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Friday, December 17, 2010

Your first meeting with the estate lawyer - what to bring, what to expect

Many times an executor has come to his or her first meeting with me loaded down with a cardboard box (or two) crammed full of papers. The explanation is always that the executor didn't know what to bring, so he or she brought everything. That makes sense, but somehow it still ended up that I needed things the executor hadn't brought along. This post is intended to make that first meeting between an executor (or administrator) and the estate lawyer run a little more smoothly.

What to bring:

  • paper and pen for taking notes
  • 2 pieces of I.D.
  • the original will
  • a Death Certificate and/or Funeral Director's Statement of Death
  • the deceased's I.D.
  • the deceased's social insurance number
  • the most recent statements from the deceased's bank accounts, investments, RRSPs, RRIFs, TFSAs, LIRAs, DRIPs, loans and lines of credit
  • the deceased's last tax return
  • if the deceased was paying child support, a copy of the order or agreement to pay the support
  • copy of the deceased's life insurance policies
  • names and addresses of all beneficiaries named in the will
  • names and addresses of the deceased's spouse and children
  • the birthdates of any beneficiaries who are minors
  • copy of title to the deceased's real estate, or the tax notice for the property
What to talk about:

  • a timeline for individual tasks, and for the estate as a whole
  • what the lawyer is going to do for you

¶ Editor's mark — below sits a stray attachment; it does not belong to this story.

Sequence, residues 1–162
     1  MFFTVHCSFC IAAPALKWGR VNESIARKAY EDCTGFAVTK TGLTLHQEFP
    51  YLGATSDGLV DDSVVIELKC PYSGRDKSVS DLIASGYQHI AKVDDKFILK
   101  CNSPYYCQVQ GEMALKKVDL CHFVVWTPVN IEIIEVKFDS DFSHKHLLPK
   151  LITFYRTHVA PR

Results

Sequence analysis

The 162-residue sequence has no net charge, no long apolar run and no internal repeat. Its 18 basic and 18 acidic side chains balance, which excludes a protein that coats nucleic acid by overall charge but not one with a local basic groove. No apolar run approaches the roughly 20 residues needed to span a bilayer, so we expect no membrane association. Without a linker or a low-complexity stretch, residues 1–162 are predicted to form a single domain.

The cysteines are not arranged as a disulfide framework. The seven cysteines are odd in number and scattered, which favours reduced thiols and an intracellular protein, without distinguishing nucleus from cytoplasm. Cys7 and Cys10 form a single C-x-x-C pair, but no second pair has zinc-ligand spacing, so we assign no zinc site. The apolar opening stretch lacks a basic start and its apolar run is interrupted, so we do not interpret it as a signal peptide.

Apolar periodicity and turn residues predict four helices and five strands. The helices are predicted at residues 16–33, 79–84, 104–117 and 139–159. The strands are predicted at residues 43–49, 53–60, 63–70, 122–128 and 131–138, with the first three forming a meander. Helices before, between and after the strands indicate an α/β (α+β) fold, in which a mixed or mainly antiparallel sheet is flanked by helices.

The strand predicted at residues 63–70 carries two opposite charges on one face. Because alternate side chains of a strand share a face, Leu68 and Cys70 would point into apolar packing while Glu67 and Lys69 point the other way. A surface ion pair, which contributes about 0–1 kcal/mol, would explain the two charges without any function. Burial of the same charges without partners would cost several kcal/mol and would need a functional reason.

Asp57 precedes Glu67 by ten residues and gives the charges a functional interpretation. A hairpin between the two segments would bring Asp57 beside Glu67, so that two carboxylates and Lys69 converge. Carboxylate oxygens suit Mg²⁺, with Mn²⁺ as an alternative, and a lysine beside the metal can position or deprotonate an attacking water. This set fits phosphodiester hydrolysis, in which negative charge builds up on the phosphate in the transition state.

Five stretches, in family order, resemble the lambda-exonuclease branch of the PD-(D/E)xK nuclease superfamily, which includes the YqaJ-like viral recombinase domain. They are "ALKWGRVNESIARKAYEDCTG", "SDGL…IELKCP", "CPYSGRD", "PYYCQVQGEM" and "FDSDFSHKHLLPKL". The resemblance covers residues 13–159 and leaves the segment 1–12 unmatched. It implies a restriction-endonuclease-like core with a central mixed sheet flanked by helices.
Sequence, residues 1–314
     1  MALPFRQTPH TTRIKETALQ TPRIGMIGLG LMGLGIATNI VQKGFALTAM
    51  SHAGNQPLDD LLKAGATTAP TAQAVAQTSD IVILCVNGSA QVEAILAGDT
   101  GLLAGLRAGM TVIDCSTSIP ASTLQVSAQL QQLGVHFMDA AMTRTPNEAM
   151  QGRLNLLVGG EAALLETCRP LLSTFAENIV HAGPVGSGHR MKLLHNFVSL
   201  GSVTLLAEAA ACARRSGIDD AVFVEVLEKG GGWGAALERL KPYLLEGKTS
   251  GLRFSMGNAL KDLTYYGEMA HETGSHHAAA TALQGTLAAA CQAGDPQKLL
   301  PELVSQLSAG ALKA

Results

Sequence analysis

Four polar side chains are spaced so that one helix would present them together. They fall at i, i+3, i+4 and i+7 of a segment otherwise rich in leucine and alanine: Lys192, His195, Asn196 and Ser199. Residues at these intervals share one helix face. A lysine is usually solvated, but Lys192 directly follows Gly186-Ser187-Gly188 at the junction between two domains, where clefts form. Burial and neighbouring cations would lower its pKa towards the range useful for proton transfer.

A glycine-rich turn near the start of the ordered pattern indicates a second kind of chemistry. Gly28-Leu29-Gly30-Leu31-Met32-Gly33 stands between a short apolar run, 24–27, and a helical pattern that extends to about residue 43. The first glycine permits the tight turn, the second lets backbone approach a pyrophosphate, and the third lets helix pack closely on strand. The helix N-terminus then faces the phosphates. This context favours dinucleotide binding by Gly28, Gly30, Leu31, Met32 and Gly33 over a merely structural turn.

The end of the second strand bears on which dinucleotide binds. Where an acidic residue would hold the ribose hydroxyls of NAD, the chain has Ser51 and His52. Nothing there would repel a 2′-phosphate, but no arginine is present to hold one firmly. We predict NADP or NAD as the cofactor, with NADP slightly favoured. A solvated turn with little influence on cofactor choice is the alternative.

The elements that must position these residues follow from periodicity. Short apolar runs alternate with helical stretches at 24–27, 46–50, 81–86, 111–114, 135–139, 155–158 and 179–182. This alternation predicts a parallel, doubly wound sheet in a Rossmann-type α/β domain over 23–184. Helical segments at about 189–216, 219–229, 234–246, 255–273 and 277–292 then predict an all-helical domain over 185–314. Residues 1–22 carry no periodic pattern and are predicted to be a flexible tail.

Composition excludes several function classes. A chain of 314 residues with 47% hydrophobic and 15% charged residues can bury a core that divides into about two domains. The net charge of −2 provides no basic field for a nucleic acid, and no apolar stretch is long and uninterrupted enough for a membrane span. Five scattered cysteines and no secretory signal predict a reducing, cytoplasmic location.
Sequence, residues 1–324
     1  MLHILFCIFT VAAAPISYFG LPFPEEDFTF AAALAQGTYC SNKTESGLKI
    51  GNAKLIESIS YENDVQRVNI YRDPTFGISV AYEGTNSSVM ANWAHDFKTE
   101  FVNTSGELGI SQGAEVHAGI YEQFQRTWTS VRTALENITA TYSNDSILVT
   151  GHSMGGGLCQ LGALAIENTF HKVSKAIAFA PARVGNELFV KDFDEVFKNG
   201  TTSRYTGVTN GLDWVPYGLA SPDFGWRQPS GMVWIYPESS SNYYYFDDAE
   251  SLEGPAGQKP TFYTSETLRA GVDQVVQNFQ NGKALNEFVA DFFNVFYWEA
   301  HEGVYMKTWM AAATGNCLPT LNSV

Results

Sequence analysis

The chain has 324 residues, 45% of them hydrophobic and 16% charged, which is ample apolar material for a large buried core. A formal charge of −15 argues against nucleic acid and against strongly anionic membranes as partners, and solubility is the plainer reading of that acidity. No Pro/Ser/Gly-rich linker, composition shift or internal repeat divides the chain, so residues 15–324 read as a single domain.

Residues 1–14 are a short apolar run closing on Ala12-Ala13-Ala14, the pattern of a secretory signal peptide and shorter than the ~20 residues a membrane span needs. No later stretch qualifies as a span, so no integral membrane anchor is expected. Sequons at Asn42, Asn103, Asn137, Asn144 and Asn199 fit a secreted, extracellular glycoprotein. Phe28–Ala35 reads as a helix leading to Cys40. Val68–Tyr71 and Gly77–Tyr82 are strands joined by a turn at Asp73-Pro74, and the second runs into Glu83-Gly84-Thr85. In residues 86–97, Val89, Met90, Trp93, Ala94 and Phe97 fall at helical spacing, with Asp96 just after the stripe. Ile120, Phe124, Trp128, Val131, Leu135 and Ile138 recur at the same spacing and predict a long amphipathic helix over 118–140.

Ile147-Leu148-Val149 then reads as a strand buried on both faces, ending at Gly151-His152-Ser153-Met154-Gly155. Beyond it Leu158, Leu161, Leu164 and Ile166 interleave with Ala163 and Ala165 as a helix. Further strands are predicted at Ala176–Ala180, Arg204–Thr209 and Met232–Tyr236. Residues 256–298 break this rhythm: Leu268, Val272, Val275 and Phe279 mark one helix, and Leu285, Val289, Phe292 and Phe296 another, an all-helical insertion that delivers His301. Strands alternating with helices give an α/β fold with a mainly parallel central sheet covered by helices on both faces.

• which tasks you are going to do yourself
  • who the lawyer represents and will speak with
  • who is entitled to see a copy of the will
  • any possible claims on the estate
  • what to do about personal effects in the deceased's home
  • what and when the lawyer will charge for fees and disbursements
  • paying the lawyer from the estate
  • any further paperwork the lawyer needs from you
  • any immediate need for cash for the deceased's spouse
  • payment of the funeral bill
  • opening an executor's bank account
  • any of the deceased's assets that are in danger of being lost or damaged
  • what to do if the deceased's house is now vacant
  • whether you will claim executor's compensation, and if so, when and how much

Make sure before you leave the lawyer's office that you are clear on exactly what you have to do next to keep the estate moving. Open a binder or accordion file to keep estate documents, lists and statements organized.

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